And the question most people want to understand the answer to right now is “What’s happening to property prices?” Whilst Tammy Dale commented that “For some properties we are seeing a 5-10% softening in price, but other properties are staying fairly consistent,” other Agents have not experienced any noticeable price softening to date. Across the board, most Agents we are communicating with have confirmed that prices remain relatively unchanged at this point in time. Craig Loudon said “Prices are remaining stable.” We also spoke to Von Barnes of Pinnacle Properties who stated “when properties are presented well, priced appropriately and look great – they are still selling above expectations.”And finally, David Lazzarini summed it up nicely when he said “The gap has widened between buyers and sellers whereby some buyers are making offers based on where they ‘think’ the market might be headed. But with good information both buyers and sellers are able to make a better decision.”
From a rental perspective, we obtained some great insights from Jonathan Bell, managing director of Bell Estate Agents who are a boutique Property Management firm operating across many parts of Greater Brisbane. Jonathan said “From a Property Management perspective we’ve been pleasantly surprised as we were expecting a much greater impact than what we’ve seen. Whilst we have seen a reduction in the inquiry levels on a property, the people who are inquiring are definitely interested and they are ready to move. But in saying that we are having to be more aggressive with our pricing and if properties are priced well, they are definitely renting, and they are renting quickly.”
In terms of vacancy risk, it seems the location of properties has the greatest impact. According to Jonathan “Every day, if you are looking online, the market in the City (CBD) has been flooded with apartments for rent. I know that the short term letting Agents are not offering rental guarantees at the moment and those investors are definitely getting hit at the moment.” Whereas properties that we purchased for Clients 30 to 60 days ago, that have been settling throughout the peak of the Covid-19 crisis, have all secured quality tenants in a short space of time.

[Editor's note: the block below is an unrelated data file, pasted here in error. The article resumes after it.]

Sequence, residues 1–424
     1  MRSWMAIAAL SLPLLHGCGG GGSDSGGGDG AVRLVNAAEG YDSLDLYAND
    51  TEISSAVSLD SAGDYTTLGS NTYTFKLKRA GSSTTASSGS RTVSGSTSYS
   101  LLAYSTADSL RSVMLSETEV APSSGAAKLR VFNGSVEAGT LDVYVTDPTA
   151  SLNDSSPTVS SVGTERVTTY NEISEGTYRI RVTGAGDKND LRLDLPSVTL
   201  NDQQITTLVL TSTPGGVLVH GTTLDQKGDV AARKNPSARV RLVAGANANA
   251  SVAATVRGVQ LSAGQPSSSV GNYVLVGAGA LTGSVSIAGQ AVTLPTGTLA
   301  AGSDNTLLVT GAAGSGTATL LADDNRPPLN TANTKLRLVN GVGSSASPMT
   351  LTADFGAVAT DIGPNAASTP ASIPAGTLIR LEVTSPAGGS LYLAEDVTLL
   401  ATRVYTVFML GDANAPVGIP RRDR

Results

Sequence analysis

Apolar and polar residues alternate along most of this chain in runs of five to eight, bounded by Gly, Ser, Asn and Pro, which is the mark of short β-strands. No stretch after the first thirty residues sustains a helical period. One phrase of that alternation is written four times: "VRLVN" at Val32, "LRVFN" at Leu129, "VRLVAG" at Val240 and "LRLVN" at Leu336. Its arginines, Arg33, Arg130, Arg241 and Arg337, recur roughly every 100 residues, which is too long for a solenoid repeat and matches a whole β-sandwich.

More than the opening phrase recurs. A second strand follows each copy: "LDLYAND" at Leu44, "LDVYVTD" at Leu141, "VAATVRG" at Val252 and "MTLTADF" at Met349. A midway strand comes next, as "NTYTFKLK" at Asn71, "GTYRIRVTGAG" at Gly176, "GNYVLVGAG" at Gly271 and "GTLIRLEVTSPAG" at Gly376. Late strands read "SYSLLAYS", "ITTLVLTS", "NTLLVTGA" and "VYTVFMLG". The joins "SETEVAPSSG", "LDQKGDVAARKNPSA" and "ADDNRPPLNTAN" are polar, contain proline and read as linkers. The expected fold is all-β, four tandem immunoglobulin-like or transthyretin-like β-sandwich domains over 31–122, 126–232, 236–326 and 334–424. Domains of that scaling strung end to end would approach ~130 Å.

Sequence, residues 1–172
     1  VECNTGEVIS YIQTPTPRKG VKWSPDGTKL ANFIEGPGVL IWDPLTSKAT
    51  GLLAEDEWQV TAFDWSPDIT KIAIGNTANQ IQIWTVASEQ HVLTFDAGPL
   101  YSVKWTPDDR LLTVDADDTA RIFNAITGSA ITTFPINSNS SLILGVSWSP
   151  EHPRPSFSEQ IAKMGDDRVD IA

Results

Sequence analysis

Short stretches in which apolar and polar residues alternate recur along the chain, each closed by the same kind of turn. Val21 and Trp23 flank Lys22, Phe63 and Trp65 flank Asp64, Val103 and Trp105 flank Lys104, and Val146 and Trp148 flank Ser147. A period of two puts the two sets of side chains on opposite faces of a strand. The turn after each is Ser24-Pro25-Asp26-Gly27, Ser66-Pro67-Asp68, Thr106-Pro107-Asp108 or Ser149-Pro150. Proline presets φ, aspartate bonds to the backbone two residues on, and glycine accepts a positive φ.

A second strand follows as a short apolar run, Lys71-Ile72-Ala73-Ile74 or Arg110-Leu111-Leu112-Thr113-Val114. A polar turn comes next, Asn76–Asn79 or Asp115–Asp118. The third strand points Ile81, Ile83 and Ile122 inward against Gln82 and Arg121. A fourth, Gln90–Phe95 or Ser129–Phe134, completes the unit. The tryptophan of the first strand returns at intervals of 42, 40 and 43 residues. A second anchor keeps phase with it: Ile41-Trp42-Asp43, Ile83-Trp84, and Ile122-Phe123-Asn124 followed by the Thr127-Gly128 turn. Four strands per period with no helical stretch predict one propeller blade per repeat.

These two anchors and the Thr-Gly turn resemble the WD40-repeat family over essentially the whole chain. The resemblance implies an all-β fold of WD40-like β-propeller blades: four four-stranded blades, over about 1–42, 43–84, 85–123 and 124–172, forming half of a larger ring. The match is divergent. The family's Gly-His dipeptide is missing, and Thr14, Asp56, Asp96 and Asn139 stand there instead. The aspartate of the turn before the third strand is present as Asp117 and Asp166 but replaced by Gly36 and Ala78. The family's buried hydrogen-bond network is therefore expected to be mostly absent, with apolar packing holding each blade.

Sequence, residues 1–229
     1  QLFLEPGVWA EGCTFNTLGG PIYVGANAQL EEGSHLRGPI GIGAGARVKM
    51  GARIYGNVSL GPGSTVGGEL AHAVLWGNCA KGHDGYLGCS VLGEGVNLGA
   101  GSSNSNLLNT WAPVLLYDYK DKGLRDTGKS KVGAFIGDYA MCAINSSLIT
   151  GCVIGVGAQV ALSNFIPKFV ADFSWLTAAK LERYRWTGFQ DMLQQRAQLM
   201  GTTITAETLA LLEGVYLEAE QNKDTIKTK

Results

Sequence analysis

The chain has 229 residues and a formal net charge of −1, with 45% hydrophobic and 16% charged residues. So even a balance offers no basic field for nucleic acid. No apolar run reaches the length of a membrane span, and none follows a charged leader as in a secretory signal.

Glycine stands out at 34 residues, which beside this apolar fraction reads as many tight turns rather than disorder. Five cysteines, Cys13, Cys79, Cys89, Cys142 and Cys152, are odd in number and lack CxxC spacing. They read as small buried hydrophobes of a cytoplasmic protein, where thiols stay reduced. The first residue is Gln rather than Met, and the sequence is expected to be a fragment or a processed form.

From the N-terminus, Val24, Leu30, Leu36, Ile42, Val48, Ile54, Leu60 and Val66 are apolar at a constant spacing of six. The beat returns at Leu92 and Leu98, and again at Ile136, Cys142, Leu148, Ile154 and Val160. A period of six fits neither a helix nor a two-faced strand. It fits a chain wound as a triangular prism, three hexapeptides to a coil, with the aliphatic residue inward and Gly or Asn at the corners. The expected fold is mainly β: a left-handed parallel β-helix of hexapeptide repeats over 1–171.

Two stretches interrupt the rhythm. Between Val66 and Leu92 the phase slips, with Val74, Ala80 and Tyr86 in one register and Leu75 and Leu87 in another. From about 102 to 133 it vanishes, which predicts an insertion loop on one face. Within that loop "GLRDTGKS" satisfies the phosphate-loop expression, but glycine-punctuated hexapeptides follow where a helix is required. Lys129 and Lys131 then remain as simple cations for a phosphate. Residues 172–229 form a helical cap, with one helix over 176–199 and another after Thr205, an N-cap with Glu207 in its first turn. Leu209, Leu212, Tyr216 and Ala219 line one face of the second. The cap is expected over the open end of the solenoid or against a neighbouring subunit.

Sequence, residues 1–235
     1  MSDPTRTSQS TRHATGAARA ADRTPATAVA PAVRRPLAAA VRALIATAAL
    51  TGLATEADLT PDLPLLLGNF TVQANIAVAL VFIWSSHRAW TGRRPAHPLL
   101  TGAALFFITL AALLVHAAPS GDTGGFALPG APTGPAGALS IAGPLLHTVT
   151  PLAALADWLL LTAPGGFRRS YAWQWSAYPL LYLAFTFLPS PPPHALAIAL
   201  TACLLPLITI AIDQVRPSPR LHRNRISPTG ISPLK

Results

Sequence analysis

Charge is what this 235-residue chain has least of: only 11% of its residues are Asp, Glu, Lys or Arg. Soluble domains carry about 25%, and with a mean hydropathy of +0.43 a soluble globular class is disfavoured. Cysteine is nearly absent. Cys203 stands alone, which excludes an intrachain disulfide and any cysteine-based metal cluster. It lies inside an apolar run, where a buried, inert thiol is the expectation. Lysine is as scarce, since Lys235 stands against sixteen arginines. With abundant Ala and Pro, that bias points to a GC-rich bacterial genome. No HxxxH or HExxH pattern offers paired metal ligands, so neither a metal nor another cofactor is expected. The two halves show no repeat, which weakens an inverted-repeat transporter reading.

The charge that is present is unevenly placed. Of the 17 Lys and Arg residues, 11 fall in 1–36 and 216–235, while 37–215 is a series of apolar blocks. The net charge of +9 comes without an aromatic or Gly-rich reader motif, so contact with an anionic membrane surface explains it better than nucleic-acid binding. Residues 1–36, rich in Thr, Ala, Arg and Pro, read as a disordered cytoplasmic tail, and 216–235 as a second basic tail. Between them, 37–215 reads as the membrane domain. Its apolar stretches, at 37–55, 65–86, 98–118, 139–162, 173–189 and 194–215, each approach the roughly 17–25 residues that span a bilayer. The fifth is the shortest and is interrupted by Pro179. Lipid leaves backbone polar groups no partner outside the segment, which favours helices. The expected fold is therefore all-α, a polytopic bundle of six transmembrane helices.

And what about the risk of tenant defaults? According to Jonathan “There’s been so much noise about this and ultimately if you look at the hard facts in our rent roll we’ve only had 2% of our rent roll say they are in hardship and only 1% are actually in arrears. It is very minimal and the tenants are being reasonable, only asking for some small reductions for a short period of time.”
So most buyers who have been looking to buy in Brisbane recently have not actually left the market. There is definitely going to be some pent up demand as the pandemic outcome becomes more certain and this will be fueled by record low interest rates, strong gross yields that are achievable in Brisbane as well as huge government stimulus to get the economy moving again. The weeks and months ahead will uncover exactly where we are heading, but for now, based on our “on-the-ground” research the property market in Brisbane seems to be relatively stable.
For many people, thinking about their long term future may be difficult when the short term outlook can appear so bleak. Yes the impact of COVID-19 is changing so much about the way we live and work, but for those who are able to focus beyond this pandemic to “the other side”, there can be a low risk way to move forward if you have been considering investing in property, and it is about quantifying the risk and taking a long term approach. This article explains how to invest in property during covid-19 … with minimal risk.